Download PDF by Andrzej Pelc (auth.), David Peleg (eds.): Distributed Computing: 25th International Symposium, DISC

By Andrzej Pelc (auth.), David Peleg (eds.)

ISBN-10: 364224100X

ISBN-13: 9783642241000

This ebook constitutes the refereed lawsuits of the twenty fifth overseas Symposium on dispensed Computing, DISC 2011, held in Rome, Italy, in September 2011. The 31 revised complete papers offered including invited lectures and short bulletins have been rigorously reviewed and chosen from 136 submissions. The papers are prepared in topical sections on disbursed graph algorithms; shared reminiscence; short bulletins; fault-tolerance and safeguard; paxos plus; instant; community algorithms; points of locality; consensus; concurrency.

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The more concurrent algorithms, such as parallel FC and ours, show scaling trends similar to the single chip ones, but achieve lower throughput. In the rest of the section we therefore focus on the more interesting single chip case. 1 : N asymmetric workloads: The throughput of one producer rendezvousing with a varying number of consumers is presented in Figs. 3a and 4c. Nehalem results (Fig. 4c) are again similar and not discussed in detail. Since the throughput is bounded by the rate of a single producer, little scaling is expected and observed.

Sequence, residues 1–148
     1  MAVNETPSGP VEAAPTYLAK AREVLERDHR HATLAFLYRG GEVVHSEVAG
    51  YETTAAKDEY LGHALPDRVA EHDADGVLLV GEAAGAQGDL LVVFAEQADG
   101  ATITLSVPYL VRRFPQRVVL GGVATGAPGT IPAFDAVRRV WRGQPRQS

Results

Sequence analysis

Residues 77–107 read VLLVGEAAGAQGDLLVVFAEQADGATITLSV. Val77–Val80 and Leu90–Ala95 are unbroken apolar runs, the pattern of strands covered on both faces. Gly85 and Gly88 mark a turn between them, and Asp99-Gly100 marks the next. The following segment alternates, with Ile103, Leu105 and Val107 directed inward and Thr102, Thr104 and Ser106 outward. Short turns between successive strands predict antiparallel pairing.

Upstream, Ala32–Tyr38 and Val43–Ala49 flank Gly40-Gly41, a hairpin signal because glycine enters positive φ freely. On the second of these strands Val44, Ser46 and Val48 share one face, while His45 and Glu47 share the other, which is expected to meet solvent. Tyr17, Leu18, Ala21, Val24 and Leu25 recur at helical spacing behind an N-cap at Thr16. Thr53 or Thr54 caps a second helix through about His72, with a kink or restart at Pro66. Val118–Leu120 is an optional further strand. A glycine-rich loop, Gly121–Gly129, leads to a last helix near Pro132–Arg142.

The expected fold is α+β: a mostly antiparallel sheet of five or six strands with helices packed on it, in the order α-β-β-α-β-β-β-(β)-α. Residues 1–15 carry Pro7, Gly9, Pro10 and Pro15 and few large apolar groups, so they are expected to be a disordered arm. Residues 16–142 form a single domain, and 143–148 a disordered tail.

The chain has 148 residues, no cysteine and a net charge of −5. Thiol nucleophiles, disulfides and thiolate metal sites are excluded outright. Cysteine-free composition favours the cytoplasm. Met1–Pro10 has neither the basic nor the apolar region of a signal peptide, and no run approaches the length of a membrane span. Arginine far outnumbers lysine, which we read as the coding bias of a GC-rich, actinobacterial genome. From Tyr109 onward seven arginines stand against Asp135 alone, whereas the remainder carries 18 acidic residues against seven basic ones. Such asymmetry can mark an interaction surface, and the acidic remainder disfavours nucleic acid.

C’s resizing CAS (Line 69) either succeeds or fails due to another CAS that succeeded in increasing, because the ring size decreasing implies a rendezvous completing, which by our assumption does not occur. Once the ring size reaches T , the ring has room for c (since T is the maximum number of threads). Thus c fails to capture a node only by encountering another consumer twice at different nodes, implying Fast and Scalable Rendezvousing 23 this consumer completes a rendezvous, a contradiction. It therefore cannot be that c never captures a node.

Hendler, Shavit and Yerushalmi used elimination with an adaptive scheme inspired by Shavit and Zemach [15] to obtain a scalable linearizable stack [7]. In their scheme threads adapt locally: each thread picks a slot to collide in from sub-range of the collision layer centered around the middle of the array. If no partner arrives, the thread eventually shrinks the range. Alternatively, if the thread sees a waiting partner but fails to collide due to contention, it increases the range. In our adaptivity technique, described in Sect.

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Distributed Computing: 25th International Symposium, DISC 2011, Rome, Italy, September 20-22, 2011. Proceedings by Andrzej Pelc (auth.), David Peleg (eds.)


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